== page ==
Running on ice
Here in Göteborg everyone is talking about the ice, which has covered the streets for a while now. And with a fresh running season at the door our local steel studded trail shoe brand Icebug has almost run out of stock. Even though they have been around for a while (2001?) far from everybody know this kind of shoe excists. Their outsoles with up to 17 metal spikes actually gives enough traction for running on sheer ice.
Especially those who are used to running on the hiking trails will need spikes because these trails are covered with a thick layer of ice. To avoid ice you need to run out of trails or pick the tiniest single trails where hardly no one goes. But even then you will stumble upon patches of ice, which can prove hazardous. I prefer to run safe with spiked shoes, thus avoiding potential bad slips and accidents. Where I go that’s at least some insurance.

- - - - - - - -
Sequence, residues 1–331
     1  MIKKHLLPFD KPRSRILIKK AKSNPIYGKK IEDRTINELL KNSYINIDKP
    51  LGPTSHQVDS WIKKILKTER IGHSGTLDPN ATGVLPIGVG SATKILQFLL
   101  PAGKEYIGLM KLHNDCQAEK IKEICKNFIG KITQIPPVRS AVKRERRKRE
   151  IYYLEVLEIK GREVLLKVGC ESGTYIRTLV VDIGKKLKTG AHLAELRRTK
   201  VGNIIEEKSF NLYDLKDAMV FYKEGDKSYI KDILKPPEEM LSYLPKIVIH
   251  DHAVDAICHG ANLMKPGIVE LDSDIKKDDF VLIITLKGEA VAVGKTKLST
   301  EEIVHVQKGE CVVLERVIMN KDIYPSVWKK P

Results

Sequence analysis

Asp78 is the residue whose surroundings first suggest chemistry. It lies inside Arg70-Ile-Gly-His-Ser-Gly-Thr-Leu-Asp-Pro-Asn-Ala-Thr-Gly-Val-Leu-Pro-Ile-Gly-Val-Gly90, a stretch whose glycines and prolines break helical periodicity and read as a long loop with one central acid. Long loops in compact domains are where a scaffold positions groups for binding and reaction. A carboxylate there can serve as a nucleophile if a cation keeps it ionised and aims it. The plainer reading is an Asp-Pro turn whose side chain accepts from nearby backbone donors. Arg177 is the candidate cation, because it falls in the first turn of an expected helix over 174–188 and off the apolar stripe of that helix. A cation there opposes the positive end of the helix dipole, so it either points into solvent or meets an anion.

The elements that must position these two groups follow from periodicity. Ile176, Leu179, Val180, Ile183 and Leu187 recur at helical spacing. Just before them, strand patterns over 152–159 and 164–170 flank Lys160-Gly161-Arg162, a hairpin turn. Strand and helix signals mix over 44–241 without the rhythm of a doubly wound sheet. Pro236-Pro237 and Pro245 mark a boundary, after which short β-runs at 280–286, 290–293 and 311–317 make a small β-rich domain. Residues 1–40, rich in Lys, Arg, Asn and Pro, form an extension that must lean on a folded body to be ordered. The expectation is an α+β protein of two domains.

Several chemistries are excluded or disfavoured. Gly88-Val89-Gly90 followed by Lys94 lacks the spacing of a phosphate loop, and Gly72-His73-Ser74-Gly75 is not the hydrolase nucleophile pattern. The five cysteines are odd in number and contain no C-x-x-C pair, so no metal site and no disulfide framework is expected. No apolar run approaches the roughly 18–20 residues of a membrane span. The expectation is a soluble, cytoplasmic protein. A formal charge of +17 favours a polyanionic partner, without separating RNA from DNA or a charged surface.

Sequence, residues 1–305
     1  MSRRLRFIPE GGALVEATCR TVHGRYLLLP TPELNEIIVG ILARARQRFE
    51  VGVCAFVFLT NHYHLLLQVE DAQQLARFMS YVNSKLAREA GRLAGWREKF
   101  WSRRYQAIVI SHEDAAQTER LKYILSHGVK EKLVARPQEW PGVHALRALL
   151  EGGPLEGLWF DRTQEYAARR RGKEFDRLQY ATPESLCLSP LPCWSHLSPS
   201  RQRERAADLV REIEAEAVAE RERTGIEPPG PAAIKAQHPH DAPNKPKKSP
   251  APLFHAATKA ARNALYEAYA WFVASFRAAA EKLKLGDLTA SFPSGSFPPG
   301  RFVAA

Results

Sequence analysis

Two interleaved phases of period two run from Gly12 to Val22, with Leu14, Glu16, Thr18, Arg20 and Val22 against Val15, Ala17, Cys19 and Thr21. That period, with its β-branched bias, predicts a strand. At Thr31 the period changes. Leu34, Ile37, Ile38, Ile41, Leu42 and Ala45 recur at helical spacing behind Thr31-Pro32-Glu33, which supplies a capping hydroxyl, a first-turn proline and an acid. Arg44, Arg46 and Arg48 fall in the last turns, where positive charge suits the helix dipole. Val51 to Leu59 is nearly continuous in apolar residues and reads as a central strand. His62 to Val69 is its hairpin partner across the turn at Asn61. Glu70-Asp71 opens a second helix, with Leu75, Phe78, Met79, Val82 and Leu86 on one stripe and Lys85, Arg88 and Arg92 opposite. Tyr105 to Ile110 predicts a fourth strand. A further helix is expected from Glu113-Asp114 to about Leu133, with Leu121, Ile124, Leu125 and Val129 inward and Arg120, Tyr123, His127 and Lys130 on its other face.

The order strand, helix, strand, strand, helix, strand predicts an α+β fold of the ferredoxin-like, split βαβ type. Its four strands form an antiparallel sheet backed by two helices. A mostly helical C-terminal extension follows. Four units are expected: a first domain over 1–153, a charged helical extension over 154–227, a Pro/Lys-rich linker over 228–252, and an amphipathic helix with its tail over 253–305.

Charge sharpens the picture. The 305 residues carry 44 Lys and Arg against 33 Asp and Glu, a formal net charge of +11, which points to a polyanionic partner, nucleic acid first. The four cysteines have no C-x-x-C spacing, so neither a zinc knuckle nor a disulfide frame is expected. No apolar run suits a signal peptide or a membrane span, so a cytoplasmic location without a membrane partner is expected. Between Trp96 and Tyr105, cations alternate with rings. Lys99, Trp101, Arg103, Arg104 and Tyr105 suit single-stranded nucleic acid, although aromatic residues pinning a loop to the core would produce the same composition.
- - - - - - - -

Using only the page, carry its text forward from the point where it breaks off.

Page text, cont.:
The dealers say that most customers only use one running shoe, which in 9 cases out of 10 means a road shoe. Very few are actually asking for trail running shoes. That shows quite well how marginalised the sport trail running is in Sweden. I also know this by experience since I hardly never meet other trail runners in the forest. I totally agree that you don’t need a trail shoe for running on gravel roads or groomed trails. But with a road shoe you won’t be very keen on trying the odd single trail, thus limiting your running experience.
A proper trail shoe will allow you to discover another way of running, finding treasures like hidden beautiful trails, experiencing Adventure; The unknown; natural challenges; connection with nature; running with the whole body – and mind. I compare trail running shoes with a mountainbike, which both enable you to explore and play in nature. It’s a freedom thing.